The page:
Emperor standing right, turning left and crowning a trophy of arm with two captives below
Gnecchi II, pl 59, 6 (obv), Gnecchi II, pl 60, 9 (rev)

Medallions were produced during the Roman empire predominantly as new year gifts. The dating on this medallion, using the TRP, IMP and COS titles, show this medallion was struck for the year December 177 to December 178 AD for the 1st of January 178 AD.

Gnecchi II, pl 60, 9


The dating of the medallion, with the reverse type that clearly shows a scene of victory with the trophy of arms with the captives seated below, must be a celebration of the outcome of the first Marcomannic war (162 through to 176). On December 23rd Marcus Aurelius, together with his son Commodus, celebrated a joint triumph for his German victories ("de Germanis" and "de Sarmatis" that appear in the obverse titles of this medallion). I suspect the victory celebration occurred too late for the medallions for January 1st 177, given the iconography of the reverses of the other medallions dated to TRP XXXII (December 177-178).


Gnecchi II, pl 59

In commemoration of this victory the Aurelian Column was erected, in imitation of Trajan's Column.

The Aurelian column

Sunday, 7 February 2016

Burgh Castle and Caistor, Norfolk



In 2015 I had a summer break in Norfolk. It is such a historic county and I had the opportunity to visit a few Roman site whilst there. Included in that is what must be my second favourite Roman site of Burgh Castle.

Burgh Castle

Gariannonum, or Gariannum, was a Saxon Shore fort in Norfolk, England. The Notitia Dignitatum, a Roman Army “order of battle” from about AD 400, lists nine forts of the Saxon Shore in south and east England, among which one was called Gariannonor. It has been much discussed over the years in terms of spelling (Gariannonum, Garianonum, Gariannum), purpose (whether it really was intended for defence against Saxon raids), and location (whether Burgh Castle or the Caister-on-Sea site).

 Caistor Roman fort

Gariannonum has usually been identified with Burgh Castle. However, modern reassessment of the Roman settlement 9 kilometres (5.6 mi) away at Caister-on-Sea has shown that it too had a military function. In Roman times, both sites lay on opposite sides of a large estuary (the remnant of which is Breydon Water). The identification of Burgh Castle as Gariannonum is uncertain, and the name could apply to Caister-on-Sea.

Burgh Castle

The name Gariannonum has been thought to derive from a Celtic root meaning "babbling river," which may refer to the River Yare at Burgh Castle, although the derivation is uncertain. The military function of Caister-on-Sea is also open to doubt. Both sites probably operated together and one, or possibly even both, were known by the Romans as Gariannonum.

The fort is roughly rectangular measuring (internally) approximately 205 m (673 ft) by 100 m (330 ft). The walls on the north, east, and much of the south side are largely intact, standing at a height of approximately 4.6 m (15 ft) and measuring up to 3 m (9.8 ft) thick at the base. They have a core of mortared flint rubble and an external and internal facing of prepared flint and red tile or brick in alternating bands. Against the outer face of the walls there are six solid bastions of pear-shaped plan spaced symmetrically, two on the south wall, one each at the north east and south east angles, one slipped from position on the north wall, and one below the south wall where it has fallen. The west wall has at some time in the distant past collapsed down the underlying hillside and into what was once an estuary but is now a marsh, and nothing of it is now visible. Breydon Water is all that is left of the estuary this fort once overlooked.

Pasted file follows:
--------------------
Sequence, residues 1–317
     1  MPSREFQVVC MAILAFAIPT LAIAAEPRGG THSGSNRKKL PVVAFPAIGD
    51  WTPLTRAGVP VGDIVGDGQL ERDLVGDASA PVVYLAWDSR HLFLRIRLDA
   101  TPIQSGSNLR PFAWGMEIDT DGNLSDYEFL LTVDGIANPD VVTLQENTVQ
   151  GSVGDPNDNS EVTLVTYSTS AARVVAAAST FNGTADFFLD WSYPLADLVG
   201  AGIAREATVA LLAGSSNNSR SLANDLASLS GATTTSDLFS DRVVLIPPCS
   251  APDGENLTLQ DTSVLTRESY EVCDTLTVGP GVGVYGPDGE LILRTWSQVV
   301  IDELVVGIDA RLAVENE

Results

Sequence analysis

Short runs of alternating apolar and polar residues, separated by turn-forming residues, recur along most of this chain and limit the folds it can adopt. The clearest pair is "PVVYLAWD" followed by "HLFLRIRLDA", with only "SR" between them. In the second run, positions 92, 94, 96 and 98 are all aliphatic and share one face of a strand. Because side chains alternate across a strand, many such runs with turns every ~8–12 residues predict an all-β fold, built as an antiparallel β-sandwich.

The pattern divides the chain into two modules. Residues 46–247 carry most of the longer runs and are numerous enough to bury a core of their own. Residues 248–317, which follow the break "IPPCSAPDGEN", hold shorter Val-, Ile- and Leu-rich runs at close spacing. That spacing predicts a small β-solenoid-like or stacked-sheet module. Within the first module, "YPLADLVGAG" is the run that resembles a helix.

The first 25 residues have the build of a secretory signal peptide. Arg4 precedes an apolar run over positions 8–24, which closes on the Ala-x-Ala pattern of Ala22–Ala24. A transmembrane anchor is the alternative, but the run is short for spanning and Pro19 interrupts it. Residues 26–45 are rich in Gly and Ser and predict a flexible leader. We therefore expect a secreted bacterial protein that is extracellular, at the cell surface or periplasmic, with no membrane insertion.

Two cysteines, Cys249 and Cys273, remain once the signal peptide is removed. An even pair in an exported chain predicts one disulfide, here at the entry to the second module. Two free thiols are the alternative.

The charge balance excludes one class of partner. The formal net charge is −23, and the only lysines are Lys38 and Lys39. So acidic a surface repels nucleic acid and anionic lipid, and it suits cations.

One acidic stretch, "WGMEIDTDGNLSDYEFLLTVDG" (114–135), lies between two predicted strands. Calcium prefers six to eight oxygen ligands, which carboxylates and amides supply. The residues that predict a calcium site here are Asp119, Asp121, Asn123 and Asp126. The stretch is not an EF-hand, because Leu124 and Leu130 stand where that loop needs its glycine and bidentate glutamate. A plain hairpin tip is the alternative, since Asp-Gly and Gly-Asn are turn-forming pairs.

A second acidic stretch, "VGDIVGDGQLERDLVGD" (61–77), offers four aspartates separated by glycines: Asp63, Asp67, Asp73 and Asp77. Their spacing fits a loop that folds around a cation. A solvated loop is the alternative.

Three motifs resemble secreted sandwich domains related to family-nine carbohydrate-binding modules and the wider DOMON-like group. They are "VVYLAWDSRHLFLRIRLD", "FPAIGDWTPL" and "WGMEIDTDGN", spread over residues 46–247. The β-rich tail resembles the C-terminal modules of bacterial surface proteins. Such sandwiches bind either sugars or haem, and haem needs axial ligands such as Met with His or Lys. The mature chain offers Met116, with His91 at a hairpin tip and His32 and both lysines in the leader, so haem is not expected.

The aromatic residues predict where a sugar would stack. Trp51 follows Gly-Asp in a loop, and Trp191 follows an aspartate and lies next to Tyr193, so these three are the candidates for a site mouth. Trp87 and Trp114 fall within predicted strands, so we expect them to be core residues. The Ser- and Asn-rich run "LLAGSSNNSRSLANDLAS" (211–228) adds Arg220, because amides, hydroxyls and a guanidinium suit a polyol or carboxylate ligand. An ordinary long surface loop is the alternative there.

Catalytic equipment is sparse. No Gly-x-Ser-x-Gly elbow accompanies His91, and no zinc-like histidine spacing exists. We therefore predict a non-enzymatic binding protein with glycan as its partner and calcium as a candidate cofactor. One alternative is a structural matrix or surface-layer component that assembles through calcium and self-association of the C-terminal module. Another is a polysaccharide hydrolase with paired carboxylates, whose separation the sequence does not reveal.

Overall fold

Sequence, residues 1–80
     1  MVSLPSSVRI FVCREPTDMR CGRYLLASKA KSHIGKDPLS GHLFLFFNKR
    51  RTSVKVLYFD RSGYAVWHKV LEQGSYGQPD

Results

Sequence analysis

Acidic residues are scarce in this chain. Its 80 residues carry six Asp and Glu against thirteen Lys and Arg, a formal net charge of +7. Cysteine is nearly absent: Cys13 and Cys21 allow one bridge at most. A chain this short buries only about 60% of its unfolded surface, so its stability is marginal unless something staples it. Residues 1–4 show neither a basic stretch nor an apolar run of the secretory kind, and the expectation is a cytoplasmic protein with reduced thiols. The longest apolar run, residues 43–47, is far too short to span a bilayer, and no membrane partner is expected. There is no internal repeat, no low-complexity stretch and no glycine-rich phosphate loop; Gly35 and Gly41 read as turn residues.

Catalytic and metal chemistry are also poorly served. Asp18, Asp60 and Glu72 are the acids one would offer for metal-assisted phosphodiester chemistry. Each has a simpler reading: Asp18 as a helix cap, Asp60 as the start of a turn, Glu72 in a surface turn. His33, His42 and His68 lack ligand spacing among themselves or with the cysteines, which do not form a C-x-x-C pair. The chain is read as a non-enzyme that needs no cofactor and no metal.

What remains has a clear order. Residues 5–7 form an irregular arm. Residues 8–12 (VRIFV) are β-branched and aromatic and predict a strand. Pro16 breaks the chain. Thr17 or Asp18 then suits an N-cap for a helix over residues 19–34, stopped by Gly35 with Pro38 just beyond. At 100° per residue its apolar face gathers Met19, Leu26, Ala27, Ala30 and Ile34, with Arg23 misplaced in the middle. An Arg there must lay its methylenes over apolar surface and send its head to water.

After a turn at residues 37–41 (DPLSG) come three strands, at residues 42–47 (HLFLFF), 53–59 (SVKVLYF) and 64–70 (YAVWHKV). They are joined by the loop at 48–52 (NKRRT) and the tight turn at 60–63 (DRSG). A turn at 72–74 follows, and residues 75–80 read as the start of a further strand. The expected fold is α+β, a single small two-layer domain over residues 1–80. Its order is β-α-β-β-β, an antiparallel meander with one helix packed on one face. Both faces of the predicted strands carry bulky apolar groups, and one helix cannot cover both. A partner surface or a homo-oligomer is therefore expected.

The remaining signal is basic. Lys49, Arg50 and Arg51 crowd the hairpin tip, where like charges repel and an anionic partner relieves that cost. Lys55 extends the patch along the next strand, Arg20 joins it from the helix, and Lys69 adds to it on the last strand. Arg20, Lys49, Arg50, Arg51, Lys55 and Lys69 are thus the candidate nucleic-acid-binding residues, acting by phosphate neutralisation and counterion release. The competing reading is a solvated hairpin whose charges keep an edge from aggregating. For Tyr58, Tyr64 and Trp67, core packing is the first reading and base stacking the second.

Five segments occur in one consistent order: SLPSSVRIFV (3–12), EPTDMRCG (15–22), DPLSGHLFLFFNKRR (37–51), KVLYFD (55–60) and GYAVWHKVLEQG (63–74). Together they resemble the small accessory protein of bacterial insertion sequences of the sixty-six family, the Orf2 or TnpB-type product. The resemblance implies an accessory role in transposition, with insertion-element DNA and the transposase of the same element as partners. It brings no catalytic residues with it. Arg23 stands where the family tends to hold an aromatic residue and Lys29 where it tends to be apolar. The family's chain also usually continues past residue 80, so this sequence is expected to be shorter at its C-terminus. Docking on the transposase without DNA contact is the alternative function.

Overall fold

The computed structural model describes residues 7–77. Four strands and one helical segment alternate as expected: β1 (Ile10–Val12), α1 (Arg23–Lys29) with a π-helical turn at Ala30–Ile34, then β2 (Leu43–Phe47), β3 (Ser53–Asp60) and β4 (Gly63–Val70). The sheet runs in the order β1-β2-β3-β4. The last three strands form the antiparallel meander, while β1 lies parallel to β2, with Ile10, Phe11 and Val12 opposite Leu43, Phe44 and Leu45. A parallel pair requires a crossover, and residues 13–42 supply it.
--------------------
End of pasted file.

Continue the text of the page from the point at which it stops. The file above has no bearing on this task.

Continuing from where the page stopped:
Burgh Castle

Coin and pottery evidence on the site indicates that the occupation of the fort dates from the mid-3rd century AD, with Roman occupation continuing up to the early 5th century AD when the integration of Roman and Saxon traditions appear.

Saturday, 23 January 2016

The Mithreum at Carrawburgh


I had the opportunity this weekend to visit the temple dedicated to Mithras on Hadrian’s Wall behind the auxiliary fort of Brocolita at Carrawburgh, Northumberland.

The remains of an early 3rd century mithraeum was discovered in 1949 and excavated by Ian Richmond and J.P. Gillam in 1950, and is the second-most northernly mithraeum discovered so far. The Brocolitia mithraeum is also the only sanctuary outside the Rhine provinces from which a monument of the goddess Vagdavercustis has been recovered. Like most other mithraea, the Brocolitia temple was built to resemble a cave, and also had the usual anteroom, and a nave with raised benches (podia) along the sides. At Brocolitia, the anteroom and nave were separated by a wattle-work screen, the base of which was found exceptionally well preserved.



The three altars found there were all dedicated by commanding officers of the unit stationed here, the First Cohort of Batavians, a Germanic people from the Rhineland. From left to right in the picture the named commanders are Marcus Simplicius Simplex (RIB 1546), Lucius Antonius Proculus (RIB 1544) and Aulus Cluentius Habitius (RIB 1545).

Mithraism is a Persian religion, with many aspects similar to another minor eastern Roman religion, Christianity, where the proponents are given the hope of a better afterlife rather than improving the current life and through this became a favourite of the Roman army.

Monday, 18 January 2016

The Roman mosaic from Well




On my recent visit to Masham I had the opportunity to photograph a Roman mosaic that I had wanted to see for a long time, but for one reason or another never had. The pavement fragment from a villa and bath house complex is located in the church in the nearby village of Well.
 
The corner fragment of mosaic that is preserved features various classic designs of both guilloche and latchkey for the border and a central geometric design that imitates cubes in 3d. It dates presumably from the third or perhaps fourth century AD.